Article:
Please com­mu­nic­ate the enclosed (FN 1) to Count Ber­chtold at once, adding that we regard such com­pli­ance on the part of Ser­bia as suit­able basis for nego­ti­ations on con­di­tion of an occu­pa­tion of Ser­bi­an ter­rit­ory as a guar­an­tee.” (3) 

[FN 1: A copy of Lichnowsky’s tele­gram from Lon­don, which laid out an Itali­an pro­pos­al to get the Great Powers, i.e. France, Ger­many, Great Bri­tain and Italy to for­mu­late terms under which Ser­bia could accept the Aus­tri­an ulti­mat­um in toto, and cited Sir Grey’s opin­ion that it might be “pos­sible to bring about an under­stand­ing as to the extent of Aus­tri­an mil­it­ary oper­a­tions and demands,” which in turn Holl­weg thought close enough to the HALT IN BELGRADE pro­pos­al that Eng­land would also sup­port the lat­ter.]

Ini­tially, Holl­weg had been less than pleased with Wilhelm’s ini­ti­at­ive for, essen­tially of little flex­ib­il­ity, he was loath to give up his policy of ‘loc­al­iz­a­tion’ of the con­flict, although it became more likely with every passing day that Rus­sia could not be neut­ral­ized. The chan­cel­lor did not believe that Rus­sia would resort to war, but if she threatened to do so, he was pre­pared to call the bluff. It was no bluff, it turned out – Rus­sia, sure of France and almost sure of Great Bri­tain, did not blink. The pro­spect of unin­ten­ded con­sequences occa­sioned a change in the chancellor’s opin­ion – Wilhelm’s offer of medi­ation began to make sense. In the night of July 29/30, Holl­weg instruc­ted Tschirsch­ky to tell Ber­chtold that:

We are, of course, pre­pared to ful­fill our duty as allies, but must decline to let ourselves be dragged by Vienna, irre­spons­ibly and without regard to our advice, into a world con­flag­ra­tion.” (4)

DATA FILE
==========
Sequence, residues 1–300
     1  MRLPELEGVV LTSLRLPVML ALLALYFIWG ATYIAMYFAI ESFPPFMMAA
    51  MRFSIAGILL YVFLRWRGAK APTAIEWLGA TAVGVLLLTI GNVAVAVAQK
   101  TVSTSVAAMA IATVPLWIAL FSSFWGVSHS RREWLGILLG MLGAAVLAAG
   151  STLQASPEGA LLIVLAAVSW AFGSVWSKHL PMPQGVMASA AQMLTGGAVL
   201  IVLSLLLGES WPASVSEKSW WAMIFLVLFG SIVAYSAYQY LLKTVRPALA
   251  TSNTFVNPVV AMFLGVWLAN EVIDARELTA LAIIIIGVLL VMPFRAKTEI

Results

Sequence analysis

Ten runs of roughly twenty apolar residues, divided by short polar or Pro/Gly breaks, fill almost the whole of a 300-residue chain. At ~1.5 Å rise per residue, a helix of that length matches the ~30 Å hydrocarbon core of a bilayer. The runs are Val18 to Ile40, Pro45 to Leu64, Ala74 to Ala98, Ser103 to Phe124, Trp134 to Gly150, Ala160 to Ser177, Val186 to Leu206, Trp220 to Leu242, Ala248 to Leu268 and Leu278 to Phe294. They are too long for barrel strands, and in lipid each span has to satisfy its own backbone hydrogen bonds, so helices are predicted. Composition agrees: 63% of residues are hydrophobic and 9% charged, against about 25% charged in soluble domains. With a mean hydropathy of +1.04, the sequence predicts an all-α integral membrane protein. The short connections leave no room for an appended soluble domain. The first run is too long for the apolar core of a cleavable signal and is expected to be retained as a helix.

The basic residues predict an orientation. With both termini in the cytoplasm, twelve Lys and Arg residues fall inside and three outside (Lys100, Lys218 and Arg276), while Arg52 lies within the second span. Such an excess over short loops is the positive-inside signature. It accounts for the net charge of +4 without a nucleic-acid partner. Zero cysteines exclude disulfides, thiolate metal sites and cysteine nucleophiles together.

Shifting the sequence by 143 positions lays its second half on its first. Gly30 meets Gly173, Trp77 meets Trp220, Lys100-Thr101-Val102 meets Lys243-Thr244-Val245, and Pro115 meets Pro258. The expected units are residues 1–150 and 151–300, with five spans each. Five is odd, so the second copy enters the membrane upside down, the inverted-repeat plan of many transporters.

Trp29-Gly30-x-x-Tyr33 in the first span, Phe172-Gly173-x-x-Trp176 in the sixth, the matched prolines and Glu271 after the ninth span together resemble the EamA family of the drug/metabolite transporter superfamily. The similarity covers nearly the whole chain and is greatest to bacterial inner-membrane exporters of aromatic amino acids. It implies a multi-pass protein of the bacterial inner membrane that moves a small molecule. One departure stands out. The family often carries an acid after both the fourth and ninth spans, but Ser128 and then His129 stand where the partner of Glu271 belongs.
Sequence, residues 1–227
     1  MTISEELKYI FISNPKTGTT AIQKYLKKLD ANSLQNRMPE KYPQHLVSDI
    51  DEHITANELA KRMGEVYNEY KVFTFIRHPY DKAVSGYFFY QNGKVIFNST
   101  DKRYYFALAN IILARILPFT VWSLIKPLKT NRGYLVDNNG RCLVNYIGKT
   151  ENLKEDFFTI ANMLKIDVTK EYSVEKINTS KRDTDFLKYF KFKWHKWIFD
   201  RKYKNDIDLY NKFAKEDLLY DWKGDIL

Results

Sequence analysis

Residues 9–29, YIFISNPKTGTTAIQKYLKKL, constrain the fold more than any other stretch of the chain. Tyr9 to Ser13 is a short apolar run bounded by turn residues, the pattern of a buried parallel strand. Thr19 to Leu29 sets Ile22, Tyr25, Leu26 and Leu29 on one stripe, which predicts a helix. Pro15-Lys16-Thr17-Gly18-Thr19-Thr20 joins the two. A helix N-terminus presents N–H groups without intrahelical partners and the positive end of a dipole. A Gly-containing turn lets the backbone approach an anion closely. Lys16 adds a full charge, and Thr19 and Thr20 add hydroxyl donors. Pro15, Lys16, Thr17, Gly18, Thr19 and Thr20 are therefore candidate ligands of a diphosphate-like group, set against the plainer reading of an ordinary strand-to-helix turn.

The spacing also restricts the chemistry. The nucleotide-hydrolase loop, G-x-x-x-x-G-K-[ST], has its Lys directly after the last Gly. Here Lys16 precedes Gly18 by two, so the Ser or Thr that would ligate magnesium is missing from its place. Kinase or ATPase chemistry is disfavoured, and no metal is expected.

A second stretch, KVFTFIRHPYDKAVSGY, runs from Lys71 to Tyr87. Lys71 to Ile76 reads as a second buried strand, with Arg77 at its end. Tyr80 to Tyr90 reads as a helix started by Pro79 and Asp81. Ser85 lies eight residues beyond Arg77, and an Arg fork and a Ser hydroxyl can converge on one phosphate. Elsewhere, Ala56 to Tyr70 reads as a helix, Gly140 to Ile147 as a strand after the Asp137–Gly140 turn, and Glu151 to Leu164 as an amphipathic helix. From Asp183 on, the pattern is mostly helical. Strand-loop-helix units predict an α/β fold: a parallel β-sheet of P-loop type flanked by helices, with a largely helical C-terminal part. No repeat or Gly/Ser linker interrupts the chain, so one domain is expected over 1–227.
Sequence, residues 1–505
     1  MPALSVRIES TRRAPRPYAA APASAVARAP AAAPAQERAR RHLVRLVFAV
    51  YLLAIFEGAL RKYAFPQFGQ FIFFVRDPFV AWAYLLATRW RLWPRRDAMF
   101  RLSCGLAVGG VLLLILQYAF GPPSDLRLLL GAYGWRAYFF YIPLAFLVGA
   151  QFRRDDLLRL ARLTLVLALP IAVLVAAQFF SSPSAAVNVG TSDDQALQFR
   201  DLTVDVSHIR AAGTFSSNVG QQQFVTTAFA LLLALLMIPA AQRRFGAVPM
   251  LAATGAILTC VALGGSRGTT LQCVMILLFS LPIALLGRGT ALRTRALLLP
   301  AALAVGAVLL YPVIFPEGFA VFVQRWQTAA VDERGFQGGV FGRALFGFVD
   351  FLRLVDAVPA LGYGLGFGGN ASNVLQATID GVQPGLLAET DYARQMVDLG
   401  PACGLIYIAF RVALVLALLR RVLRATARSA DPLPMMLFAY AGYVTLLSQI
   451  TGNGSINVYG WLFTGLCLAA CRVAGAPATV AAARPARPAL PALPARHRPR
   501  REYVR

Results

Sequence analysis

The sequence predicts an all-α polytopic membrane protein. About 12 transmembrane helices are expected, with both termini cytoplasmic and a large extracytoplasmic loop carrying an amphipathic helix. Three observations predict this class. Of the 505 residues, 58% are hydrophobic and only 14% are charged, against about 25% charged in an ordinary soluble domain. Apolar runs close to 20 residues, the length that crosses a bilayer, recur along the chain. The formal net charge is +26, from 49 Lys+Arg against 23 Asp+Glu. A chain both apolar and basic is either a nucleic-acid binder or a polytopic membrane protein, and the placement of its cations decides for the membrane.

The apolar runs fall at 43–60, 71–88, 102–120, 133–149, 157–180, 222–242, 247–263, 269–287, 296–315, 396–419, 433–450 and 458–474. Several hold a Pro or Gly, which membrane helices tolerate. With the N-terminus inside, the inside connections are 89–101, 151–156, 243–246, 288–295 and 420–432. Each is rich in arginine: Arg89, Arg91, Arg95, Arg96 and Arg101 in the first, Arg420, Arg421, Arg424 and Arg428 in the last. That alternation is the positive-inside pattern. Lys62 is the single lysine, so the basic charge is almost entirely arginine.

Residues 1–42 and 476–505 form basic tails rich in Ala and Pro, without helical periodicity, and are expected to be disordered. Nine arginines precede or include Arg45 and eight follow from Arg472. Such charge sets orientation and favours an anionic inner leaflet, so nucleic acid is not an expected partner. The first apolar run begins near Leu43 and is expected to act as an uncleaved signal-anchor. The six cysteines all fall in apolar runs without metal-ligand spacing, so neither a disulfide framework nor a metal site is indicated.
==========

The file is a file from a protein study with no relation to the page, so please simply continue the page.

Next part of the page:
Actu­al dates of Declar­a­tions of War

Sud­denly the dynam­ics of Aus­tro-Ger­man rela­tions had exchanged their polar­ity – ini­tially the Ger­man gov­ern­ment had urged Vienna to speedy action, so as to pre-empt all these prob­lems that now towered before the two, while Aus­tria had been her usu­al per­func­tory self – now, as Holl­weg sought to pull the emer­gency brake, Ber­chtold turned a deaf ear. But instead of doub­ling his efforts, Holl­weg quickly fell back into apathy, sub­mit­ting his own fate and that of the nation to the pre­or­dained but unfathom­able offices of Divine Provid­ence. It should have been clear by then that the best scen­ario avail­able to the Ger­man chan­cel­lor was to urge on, nay, force the Kaiser’s pro­pos­al, HALT IN BELGRADE, down Berchtold’s throat, no mat­ter the cost.

But this Holl­weg did not do – he did not cor­res­pond at all with Tschirsch­ky on the mat­ter on this morn­ing of July 30. Instead, he spent the day pre­oc­cu­pied by the tumul­tu­ous com­mo­tion but little con­struct­ive dis­cus­sion pre­cip­it­ated in Ber­lin by the Tsar’s omin­ous tele­gram of 1:20 am, July 30 – the one that men­tioned the “mil­it­ary meas­ures ... decided five days ago,” and the delayed receipt of Pourtales’s mes­sage sent on 3 pm the day before, inform­ing Ber­lin of the Rus­si­an mobil­iz­a­tion. The bad news sparked the Kaiser’s fam­ous com­ments:

So that [the five days men­tioned by the Tsar] is almost a week ahead of us. And these meas­ures are sup­posed to be of defence against Aus­tria, who is not attack­ing him!!! I can­not com­mit myself to medi­ation any more, since the Tsar, who appealed for it, has at the same time been secretly mobil­iz­ing behind my back.

... It is only a manœuvre to keep us dangling and increase the lead he has already gained over us. ...

Accord­ing to this the Tsar with his appeal for my help has simply been act­ing a part and lead­ing us up the garden path! That means I have got to mobil­ize as well!” (5)

[1] Clark, Chris­toph­er, The Sleep­walk­ers – How Europe Went to War in 1914, Allen Lane 2012, ISBN 978−0−713−99942−6, pp. 358 – 9

[3] [4] [5] Alb­ertini, Luigi, The Ori­gins of the War of 1914, 1st Ed. Oxford 1952, 3 Vols., Enigma Books 2005, ISBN 1 – 292631-26-X, pp. (II), 504; p. (III) 1; pp. (III) 2 – 3

To be con­tin­ued ... (© John Vin­cent Pal­at­ine 2015/19)